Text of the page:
ambivalence

In a previous post I made a slip of the tongue. I wrote that Cosmos is absurd. What I had meant to write was that Cosmos (the assemblage of all that exists; the material set of all sets, if you like) is ambivalent.

Cosmos is ambivalent. This ambivalence is a feature of all our meaning production, or of our consciousness that our meanings are produced and therefore that they seem to lack any foundations; it is a feature of the ontological Illusion, the way in which even as Cosmos presents itself it does so only by remaining occluded; ambivalence is a feature of all things, in all times, in all places. It is the abyss that gives itself concretely as things, including ourselves.

Ambivalence is the name for the sense that Cosmos- or world as we call our experience of it- refuses to be pinned down to any particular ontological system. Ambivalence is what marks the impossibility of systematic philosophy and also the partial truth that is found in all systematic thought. Ambivalence is thus both ontological condition and epistemological concept. It is, therefore, like a fragment; complete unto itself but denying any possibility to ever being finally finished.

I wish to make a transfer

How can you exact an account of an instance of transference? How can you isolate an occasion when a human interaction you found yourself in was caught within it? Transference is the mechanism that prevents me from experiencing you in your horrific singularity, stops me from an acute realisation of the existential distance between our two consciousness or, at least, between the experience of being two consciousnesses. We are alike in physiology, neurological archiecture, in our historical and cultural inheritance and, by and large, are formed and found within more or less the same political predicaments. True, details change. True, I experience differently from you in infinitesimal and infinite ways. Those details loom vast and form what is unrepeatable in each heart, each mind…they are the wounds and scars on the bodies that mark us as distinct. What if I experienced your singularity each and every time I encountered you? What if I experienced every quirk and idiosyncratic divergence from some imaginary norm of individuality? If I could perceieve you as that particular cluster of horrors, miseries and fading joys with each and every encounter? Would we want to look each other in the eyes? It’s a game only lovers can play, and there is a reason that polygamy either fails or exists on a purely formal or carnal footing. What if I saw the monstrosity that lurks in each passer-by? What if the sadist appeared in every friend? The cowering beast afraid of its own death in my parents? The insatiable lust in the eyes of every adolescent? The screams of existential agony or the heights of laughter in every volcanic burst of joy?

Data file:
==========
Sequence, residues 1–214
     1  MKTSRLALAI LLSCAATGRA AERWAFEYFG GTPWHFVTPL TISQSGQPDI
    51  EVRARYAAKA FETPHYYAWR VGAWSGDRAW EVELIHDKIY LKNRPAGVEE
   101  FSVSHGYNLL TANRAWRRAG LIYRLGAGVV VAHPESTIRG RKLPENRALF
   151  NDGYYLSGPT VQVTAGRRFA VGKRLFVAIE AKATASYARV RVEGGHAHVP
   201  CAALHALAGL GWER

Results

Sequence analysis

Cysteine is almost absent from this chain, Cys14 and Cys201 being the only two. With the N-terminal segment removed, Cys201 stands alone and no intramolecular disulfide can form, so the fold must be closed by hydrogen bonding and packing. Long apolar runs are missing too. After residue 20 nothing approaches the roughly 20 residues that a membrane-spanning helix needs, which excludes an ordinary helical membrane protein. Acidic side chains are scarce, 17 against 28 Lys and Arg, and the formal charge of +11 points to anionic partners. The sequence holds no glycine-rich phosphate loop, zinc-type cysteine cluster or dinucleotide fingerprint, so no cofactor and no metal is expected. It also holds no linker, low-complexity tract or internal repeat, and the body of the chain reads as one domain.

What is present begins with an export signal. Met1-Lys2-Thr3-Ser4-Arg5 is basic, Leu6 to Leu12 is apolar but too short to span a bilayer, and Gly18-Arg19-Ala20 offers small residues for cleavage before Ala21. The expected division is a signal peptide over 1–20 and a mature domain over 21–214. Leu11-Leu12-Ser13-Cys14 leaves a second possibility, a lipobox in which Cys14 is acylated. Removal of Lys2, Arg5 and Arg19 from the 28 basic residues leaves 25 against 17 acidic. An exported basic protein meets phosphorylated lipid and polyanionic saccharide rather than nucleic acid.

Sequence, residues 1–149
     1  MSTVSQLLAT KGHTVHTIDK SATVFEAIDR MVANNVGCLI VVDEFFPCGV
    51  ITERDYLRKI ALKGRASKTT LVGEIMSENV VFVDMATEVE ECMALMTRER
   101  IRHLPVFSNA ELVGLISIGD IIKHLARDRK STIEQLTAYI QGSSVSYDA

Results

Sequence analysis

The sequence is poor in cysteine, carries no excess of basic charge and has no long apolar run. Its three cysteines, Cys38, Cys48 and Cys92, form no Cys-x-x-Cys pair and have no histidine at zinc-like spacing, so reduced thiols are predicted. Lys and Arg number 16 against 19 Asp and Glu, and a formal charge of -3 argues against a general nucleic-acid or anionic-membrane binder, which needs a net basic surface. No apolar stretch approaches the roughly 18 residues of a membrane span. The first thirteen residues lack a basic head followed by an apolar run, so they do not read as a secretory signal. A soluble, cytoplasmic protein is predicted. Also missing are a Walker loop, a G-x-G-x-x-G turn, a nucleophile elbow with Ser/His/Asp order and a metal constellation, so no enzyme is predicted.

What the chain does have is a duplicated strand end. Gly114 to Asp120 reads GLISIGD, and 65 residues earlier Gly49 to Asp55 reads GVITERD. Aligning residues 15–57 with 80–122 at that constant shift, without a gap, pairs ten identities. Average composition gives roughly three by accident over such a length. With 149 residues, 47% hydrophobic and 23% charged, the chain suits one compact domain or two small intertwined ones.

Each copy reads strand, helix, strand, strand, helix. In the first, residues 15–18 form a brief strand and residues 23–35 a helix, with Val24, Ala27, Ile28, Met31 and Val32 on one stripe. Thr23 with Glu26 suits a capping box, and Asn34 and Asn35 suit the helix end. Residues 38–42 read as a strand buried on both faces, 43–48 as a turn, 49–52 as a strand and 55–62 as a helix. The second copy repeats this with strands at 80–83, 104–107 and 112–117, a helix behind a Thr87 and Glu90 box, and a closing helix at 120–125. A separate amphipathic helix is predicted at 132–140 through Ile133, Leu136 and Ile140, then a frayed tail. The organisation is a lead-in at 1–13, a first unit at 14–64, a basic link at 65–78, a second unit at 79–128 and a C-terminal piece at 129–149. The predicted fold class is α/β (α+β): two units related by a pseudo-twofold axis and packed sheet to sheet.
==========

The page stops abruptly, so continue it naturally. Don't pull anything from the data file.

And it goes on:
Such a life would be overwhelming. How would one possibly respond to the daemonic influx of emotion?

Transference is a haunting. Our attachments repeat older attachments. Even if impoverished or traumatic, or just happily banal, this haunting makes them familiar. It reduced our interactions to a manageable scale. We impoverish each other through this haunting but it is an impoverishment that makes it possible to bear one another. More than that, it makes it possible to set one person aside and raise them above the rest: ‘I love you’ translated as ‘I want to witness all your joy, all your monstrosity, all your humanity…to share in it and share my own with you’. Such a wonder can only emerge because of transference. In this Freud might even have been wrong. Authentic love might only be possible when transference fails.